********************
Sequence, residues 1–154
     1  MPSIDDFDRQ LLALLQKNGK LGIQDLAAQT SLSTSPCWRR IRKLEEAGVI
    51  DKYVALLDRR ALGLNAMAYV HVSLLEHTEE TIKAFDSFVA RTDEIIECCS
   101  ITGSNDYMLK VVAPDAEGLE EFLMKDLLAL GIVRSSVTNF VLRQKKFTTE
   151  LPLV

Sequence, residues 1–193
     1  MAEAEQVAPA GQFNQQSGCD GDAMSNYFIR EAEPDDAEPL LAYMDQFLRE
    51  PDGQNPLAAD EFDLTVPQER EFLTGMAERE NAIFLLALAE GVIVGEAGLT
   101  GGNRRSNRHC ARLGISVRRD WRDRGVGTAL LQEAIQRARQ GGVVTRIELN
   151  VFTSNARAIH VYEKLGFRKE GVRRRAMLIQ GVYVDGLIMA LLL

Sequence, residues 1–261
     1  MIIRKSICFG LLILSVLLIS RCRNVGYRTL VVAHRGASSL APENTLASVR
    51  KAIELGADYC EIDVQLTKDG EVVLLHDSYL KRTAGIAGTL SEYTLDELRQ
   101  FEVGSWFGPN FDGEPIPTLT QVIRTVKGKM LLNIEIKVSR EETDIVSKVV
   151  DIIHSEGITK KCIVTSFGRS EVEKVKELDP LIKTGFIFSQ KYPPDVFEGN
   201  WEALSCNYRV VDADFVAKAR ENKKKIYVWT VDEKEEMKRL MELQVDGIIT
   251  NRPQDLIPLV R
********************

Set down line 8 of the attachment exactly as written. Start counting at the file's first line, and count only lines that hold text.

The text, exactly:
    51  PDGQNPLAAD EFDLTVPQER EFLTGMAERE NAIFLLALAE GVIVGEAGLT